Europe's tallest building is given planning permission as £1bn White City mall also gets go-ahead.
SOUTHWARK council has granted planning permission for Renzo Piano's London Bridge Tower, which, at 306 m high, is set to become the tallest tower in Europe.

The development control committee made the decision on Monday when it agreed that the building would be an asset to the capital.

The committee's report said: "There seems to be very wide agreement, even among those opposing the siting of the tower at London Bridge, that this proposal is a supreme example of world-class architecture."

Supporters include architectural watchdog CABE and London mayor Ken Livingstone. CABE said it could become "a picture postcard image representing London".

The decision to grant planning permission comes in the same week that the Government Office for London also agreed Hammersmith and Fulham council's decision to allow developer Chelsfield's £1bn retail development in White City, west London.

The Ian Ritchie-designed scheme is a flagship project. The council's deputy for regeneration Dame Sally Powell said: "Now that the White City development has been given the final go-ahead, this will boost the overall regeneration of the north of the borough, which is under way."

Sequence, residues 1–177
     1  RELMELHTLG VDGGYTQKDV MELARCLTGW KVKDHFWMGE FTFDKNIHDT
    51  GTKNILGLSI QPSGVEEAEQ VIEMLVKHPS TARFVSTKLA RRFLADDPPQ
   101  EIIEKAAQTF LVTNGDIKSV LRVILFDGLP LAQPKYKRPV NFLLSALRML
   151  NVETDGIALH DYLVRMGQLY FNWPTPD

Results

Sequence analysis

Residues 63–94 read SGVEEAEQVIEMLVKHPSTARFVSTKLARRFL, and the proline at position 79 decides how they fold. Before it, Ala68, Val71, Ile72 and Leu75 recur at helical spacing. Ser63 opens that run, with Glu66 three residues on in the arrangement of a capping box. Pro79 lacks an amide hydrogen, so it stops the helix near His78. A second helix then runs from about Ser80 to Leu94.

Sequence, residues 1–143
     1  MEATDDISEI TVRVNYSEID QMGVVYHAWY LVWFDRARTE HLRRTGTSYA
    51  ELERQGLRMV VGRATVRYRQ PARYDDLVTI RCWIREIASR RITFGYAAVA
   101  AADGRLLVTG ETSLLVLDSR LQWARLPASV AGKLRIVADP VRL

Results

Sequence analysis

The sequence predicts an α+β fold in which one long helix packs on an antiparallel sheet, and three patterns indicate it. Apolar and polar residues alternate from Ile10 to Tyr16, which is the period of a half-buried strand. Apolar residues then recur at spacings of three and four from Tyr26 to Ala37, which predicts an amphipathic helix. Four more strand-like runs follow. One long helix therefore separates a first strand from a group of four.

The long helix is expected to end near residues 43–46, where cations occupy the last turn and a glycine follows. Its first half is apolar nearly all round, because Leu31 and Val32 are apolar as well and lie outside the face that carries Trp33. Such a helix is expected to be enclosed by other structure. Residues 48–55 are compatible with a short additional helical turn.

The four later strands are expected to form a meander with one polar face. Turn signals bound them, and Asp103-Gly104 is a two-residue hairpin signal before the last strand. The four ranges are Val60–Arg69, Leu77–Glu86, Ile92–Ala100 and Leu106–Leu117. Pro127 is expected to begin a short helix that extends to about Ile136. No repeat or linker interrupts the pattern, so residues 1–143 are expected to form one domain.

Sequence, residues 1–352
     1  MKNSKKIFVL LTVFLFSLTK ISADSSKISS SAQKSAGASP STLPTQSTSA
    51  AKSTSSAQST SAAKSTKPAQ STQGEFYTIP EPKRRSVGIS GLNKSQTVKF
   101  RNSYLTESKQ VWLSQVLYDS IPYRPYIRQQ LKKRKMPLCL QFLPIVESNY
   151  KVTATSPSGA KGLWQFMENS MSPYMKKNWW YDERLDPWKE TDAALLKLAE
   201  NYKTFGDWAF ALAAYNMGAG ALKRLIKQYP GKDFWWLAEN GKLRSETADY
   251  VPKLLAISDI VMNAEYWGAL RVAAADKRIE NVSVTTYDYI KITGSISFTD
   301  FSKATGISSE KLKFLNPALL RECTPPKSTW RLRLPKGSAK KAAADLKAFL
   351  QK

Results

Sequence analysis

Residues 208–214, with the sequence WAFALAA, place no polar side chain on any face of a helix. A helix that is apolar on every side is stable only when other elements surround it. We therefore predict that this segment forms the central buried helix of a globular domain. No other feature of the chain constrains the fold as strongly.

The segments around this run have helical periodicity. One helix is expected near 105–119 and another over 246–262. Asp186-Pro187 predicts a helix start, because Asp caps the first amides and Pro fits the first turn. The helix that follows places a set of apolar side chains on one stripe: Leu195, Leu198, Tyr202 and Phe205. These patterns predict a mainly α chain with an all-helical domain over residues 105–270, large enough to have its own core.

Support for the two schemes comes as doubts continue over the £1.5bn Elephant & Castle regeneration project in south London.

A contract between Southwark council and developer Southwark Land Regeneration (SLR) is expected to be put to a council committee on 26 March.

With less than two weeks to go, the two parties are still working out the financial details. Southwark cabinet member for regeneration and economic development Steve Lancashire said: "There are still issues of commercial terms. The terms are significantly different from what SLR wanted in the middle of last year."

Originally SLR was to redevelop housing at the scheme's Heygate Estate site, but the council decided that the developer's demand of a 20% rate of return was too costly, and is to appoint a registered social landlord to carry out the works.

SLR director Nicholas Taylor said: "The local authority wanted to change the local housing procuring arrangement to make more money."